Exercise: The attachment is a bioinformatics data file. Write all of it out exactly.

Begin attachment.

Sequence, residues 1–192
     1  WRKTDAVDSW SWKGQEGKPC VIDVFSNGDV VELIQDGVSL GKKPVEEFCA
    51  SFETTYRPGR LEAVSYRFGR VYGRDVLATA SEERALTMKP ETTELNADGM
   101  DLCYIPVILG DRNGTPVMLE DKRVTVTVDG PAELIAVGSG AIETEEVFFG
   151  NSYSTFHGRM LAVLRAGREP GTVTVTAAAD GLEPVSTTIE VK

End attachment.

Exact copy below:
Sequence, residues 1–192
     1  WRKTDAVDSW SWKGQEGKPC VIDVFSNGDV VELIQDGVSL GKKPVEEFCA
    51  SFETTYRPGR LEAVSYRFGR VYGRDVLATA SEERALTMKP ETTELNADGM
   101  DLCYIPVILG DRNGTPVMLE DKRVTVTVDG PAELIAVGSG AIETEEVFFG
   151  NSYSTFHGRM LAVLRAGREP GTVTVTAAAD GLEPVSTTIE VK